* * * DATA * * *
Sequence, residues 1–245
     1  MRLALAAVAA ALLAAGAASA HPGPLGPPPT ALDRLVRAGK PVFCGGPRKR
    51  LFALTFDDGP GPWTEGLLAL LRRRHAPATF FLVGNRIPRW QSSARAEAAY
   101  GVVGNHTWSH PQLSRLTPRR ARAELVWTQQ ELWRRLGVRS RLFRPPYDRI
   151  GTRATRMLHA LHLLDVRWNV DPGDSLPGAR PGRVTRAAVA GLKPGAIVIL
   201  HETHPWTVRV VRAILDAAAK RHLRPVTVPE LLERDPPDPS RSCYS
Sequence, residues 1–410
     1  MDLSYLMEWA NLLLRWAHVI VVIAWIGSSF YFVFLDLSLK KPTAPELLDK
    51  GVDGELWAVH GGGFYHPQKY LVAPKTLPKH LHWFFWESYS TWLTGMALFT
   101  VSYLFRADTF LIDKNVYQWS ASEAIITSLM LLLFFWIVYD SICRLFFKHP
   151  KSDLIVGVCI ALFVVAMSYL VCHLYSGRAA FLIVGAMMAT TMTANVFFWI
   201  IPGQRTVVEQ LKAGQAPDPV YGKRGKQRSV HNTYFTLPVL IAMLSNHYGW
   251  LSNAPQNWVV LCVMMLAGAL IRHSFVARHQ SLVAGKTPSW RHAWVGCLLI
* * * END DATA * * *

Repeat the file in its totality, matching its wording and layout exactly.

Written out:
Sequence, residues 1–245
     1  MRLALAAVAA ALLAAGAASA HPGPLGPPPT ALDRLVRAGK PVFCGGPRKR
    51  LFALTFDDGP GPWTEGLLAL LRRRHAPATF FLVGNRIPRW QSSARAEAAY
   101  GVVGNHTWSH PQLSRLTPRR ARAELVWTQQ ELWRRLGVRS RLFRPPYDRI
   151  GTRATRMLHA LHLLDVRWNV DPGDSLPGAR PGRVTRAAVA GLKPGAIVIL
   201  HETHPWTVRV VRAILDAAAK RHLRPVTVPE LLERDPPDPS RSCYS
Sequence, residues 1–410
     1  MDLSYLMEWA NLLLRWAHVI VVIAWIGSSF YFVFLDLSLK KPTAPELLDK
    51  GVDGELWAVH GGGFYHPQKY LVAPKTLPKH LHWFFWESYS TWLTGMALFT
   101  VSYLFRADTF LIDKNVYQWS ASEAIITSLM LLLFFWIVYD SICRLFFKHP
   151  KSDLIVGVCI ALFVVAMSYL VCHLYSGRAA FLIVGAMMAT TMTANVFFWI
   201  IPGQRTVVEQ LKAGQAPDPV YGKRGKQRSV HNTYFTLPVL IAMLSNHYGW
   251  LSNAPQNWVV LCVMMLAGAL IRHSFVARHQ SLVAGKTPSW RHAWVGCLLI